What do the Atari 2600 and Tianhe-1 have in common? It may be difficult to imagine, but both systems are examples of the use of cutting-edge graphic processers for their times. This demonstrates the fascinating evolution of the GPU, which today is one of the most critical hardware components of supercomputer architectures.
Techspot’s Graham Singer recently put together a compelling series on the history of the GPU, stretching from the earliest 3D work in the 1950s through today’s GPGPU market. Singer broke his history into four distinct stories.
Singer’s first installment looked at the early days of 3D consumer graphics, a period that lasted from 1976 to 1995. Although 3D graphic systems were being built as early as 1951, when MIT built the Whirlwind flight simulator for the Navy, the graphic 3D systems that developers created for the burgeoning consumer computer market in the mid-1970s formed the foundation for today’s GPU, Singer writes.
The “Pixie” video chip that RCA built in 1976 was capable of outputting a video signal at a resolution of 62×128. 1977 saw the release of the Atari 2600 game system, which included the Television Interface Adapter (TIA) 1A. Motorola followed suit a year later with MC6845 video address generator, which became the basis for the Monochrome and Color Display Adapter (MDA/CDA) cards that IBM started using in its PC of 1981.
The Extended graphics Adapter (EGA) developed by Chips and Technologies started to provide some competition to the MDA/CDA cards starting in 1985. The same year, three Hong Kong immigrants formed Array Technology Inc. The company, which soon changed its name to ATI Technologies Inc., would lead the market for years with its Wonder line of graphics boards and chips.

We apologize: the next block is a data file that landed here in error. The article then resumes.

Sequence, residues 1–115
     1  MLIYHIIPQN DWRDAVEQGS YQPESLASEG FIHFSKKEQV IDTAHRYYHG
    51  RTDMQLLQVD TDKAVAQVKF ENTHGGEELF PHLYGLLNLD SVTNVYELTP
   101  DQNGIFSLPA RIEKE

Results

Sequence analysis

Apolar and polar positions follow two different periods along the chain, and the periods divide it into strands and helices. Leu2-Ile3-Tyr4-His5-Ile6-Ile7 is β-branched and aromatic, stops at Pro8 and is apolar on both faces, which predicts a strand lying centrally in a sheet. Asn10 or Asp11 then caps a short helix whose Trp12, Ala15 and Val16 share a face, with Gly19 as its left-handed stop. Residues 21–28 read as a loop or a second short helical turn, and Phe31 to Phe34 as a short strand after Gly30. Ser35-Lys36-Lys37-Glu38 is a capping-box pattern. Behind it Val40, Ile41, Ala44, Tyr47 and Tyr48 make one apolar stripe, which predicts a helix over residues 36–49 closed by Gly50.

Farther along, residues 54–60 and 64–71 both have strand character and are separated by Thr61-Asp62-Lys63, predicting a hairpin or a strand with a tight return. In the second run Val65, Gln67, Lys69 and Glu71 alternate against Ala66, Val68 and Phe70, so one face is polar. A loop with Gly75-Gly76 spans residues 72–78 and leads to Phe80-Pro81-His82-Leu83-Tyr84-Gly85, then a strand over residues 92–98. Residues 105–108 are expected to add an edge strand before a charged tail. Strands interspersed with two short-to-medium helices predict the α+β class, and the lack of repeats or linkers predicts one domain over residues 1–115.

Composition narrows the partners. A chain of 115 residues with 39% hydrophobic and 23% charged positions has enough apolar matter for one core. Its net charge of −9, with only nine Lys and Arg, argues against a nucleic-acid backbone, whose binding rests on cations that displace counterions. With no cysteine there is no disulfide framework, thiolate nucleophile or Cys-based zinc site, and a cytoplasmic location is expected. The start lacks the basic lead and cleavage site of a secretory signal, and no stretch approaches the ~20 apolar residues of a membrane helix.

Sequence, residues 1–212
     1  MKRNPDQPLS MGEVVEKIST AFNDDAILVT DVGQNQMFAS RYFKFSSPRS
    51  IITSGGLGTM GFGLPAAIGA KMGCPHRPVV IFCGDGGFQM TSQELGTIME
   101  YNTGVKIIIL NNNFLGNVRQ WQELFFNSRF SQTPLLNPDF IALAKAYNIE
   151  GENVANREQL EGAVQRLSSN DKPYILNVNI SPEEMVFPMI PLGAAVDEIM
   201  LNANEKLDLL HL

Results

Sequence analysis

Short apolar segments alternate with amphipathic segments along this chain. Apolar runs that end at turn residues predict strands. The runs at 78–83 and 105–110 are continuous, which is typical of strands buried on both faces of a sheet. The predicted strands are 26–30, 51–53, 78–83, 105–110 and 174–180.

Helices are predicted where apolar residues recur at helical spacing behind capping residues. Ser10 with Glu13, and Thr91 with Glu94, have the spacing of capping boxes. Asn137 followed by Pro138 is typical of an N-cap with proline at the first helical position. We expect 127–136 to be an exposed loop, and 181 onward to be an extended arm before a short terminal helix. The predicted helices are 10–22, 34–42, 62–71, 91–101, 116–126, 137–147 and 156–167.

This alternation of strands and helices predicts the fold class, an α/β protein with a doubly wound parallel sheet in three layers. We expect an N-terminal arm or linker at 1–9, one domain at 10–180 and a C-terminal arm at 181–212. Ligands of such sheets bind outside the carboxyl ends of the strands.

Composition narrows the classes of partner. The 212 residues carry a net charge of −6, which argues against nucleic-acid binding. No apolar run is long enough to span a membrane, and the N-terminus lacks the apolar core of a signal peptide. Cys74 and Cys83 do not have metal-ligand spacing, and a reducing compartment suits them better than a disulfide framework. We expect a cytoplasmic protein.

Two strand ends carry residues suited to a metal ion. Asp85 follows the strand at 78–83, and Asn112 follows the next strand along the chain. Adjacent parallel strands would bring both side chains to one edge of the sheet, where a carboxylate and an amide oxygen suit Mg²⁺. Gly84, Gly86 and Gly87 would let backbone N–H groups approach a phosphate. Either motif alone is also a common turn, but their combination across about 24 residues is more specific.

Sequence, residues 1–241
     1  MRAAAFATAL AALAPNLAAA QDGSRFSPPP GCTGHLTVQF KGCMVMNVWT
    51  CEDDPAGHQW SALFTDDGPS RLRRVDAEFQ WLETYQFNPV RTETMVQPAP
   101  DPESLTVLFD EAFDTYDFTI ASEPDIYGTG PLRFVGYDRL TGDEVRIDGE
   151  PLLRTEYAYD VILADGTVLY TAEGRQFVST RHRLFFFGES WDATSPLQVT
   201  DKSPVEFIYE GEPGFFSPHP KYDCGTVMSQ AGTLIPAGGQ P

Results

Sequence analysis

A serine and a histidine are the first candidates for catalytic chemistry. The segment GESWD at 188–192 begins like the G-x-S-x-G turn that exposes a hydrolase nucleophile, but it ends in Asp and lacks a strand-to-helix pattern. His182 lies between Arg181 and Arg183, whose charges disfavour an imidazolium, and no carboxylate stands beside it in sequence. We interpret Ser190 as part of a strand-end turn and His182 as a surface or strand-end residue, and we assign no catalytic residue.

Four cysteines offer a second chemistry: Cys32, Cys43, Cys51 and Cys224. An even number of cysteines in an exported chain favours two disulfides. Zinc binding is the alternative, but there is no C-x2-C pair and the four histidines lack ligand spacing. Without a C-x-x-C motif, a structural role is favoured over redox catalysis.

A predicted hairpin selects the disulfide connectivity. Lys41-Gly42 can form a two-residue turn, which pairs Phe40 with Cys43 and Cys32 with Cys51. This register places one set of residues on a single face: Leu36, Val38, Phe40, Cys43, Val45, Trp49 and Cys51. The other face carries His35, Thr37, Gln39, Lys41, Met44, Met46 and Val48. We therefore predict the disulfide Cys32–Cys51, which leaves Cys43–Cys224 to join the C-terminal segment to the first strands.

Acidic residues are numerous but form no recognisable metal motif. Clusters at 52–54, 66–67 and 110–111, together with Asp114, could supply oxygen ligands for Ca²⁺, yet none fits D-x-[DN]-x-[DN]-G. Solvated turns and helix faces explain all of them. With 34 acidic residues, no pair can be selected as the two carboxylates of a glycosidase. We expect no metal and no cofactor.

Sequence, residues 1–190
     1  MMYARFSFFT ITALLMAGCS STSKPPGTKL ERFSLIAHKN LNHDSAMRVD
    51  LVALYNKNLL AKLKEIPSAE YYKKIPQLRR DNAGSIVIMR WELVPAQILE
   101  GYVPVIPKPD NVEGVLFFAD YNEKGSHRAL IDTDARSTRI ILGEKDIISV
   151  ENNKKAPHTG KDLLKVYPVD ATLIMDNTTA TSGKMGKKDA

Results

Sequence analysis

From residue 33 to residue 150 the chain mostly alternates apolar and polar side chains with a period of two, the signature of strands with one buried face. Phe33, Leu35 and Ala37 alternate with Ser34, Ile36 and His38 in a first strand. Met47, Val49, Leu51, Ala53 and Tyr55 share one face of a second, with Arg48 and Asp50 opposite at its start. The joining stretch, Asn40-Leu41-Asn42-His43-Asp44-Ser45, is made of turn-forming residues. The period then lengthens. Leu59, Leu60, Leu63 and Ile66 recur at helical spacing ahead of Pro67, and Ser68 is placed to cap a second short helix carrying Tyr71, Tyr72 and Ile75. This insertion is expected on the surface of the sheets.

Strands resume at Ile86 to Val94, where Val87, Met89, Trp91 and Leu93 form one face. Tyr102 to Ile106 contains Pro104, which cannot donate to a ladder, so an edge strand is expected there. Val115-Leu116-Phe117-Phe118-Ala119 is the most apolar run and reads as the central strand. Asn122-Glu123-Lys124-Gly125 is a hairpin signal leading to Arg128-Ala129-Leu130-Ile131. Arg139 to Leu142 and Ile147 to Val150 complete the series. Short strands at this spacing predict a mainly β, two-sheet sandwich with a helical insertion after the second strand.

In 1992, SGI released OpenGL, an open API for 2D and 3G graphics. As OpenGL gained traction in the workstation market, Microsoft attempted to corner the emerging gaming market with its proprietary Direct3D API. Many other proprietary APIs were introduced, such as Matrox Simple Interface, Creative Graphics Library, C Interface (ATI), and others, but they would eventually fall by the wayside.
Meanwhile, the early 1990s was a period of great volatility in the graphics market, with many companies being found, and then being acquired or going out of business. Among the winners that would be founded during this time was NVIDIA.
The second epoch in Singer’s series lasts from 1995 to 1999, and is characterized by the utter domination of the market by 3DFx’s Voodoo graphics card, which launched in November 1996 and soon came to account for about 85 percent of the market. Cards that could only render 2D were made obsolete nearly overnight, Singer writes.
3DFx went public in 1997, but the launch of its budget-minded Voodoo Rush board was a flop. And in a bid to boost profits, the company decided to market and sell graphics boards itself, which further helped competitors, including Rendition, ATI, and Nvidia.
Nvidia laid the groundwork for future success with the 1997 launch of the RIVA 128 (Real-time Interactive Video and Animation accelerator), which featured Direct3D compatibility and topped several performance benchmarks. By the end of 1997, Nvidia had nearly 25 percent of the graphics market. Nvidia was sued by SGI in 1998, but Nvidia emerged stronger after the settlement in 1999, in which SGI gave Nvidia access to its professional graphics portfolio. This amounted to a “virtual giveaway of IP” that hastened SGI’s bankruptcy, Singer writes.
The battle between ATI and Nvidia marks Singer’s third era of the GPU’s history, which lasted from 2000 to 2006. During this period, 3dfx became increasingly irrelevant, as its cards, such as the Voodoo 4 4500, could not keep up with the graphics performance offered by Nvidia’s GeForce 2 GTS and ATI’s Radeon DDR.
Nvidia and ATI would go head to head and deliver graphics cards with features are now commonplace, such as the capability to perform specular shading, volumetric explosion, refraction, waves, vertex blending, shadow volumes, bump mapping and elevation mapping.
The coming of the general purpose GPUs would begin in 2007, which kicks off the fourth era of Singer’s GPU history. Both Nvidia and ATI (since acquired by AMD) had been cramming ever-more capabilities into their graphics cards, and the practice of using these cards for HPC workloads became common.
But the two companies would take different tracks to GPGPU, with Nvidia releasing its CUDA development environment, and AMD using OpenCL. Nvidia gained considerable market- and mindshare in the HPC market with the launch of the Tesla, the first dedicated GPGPU.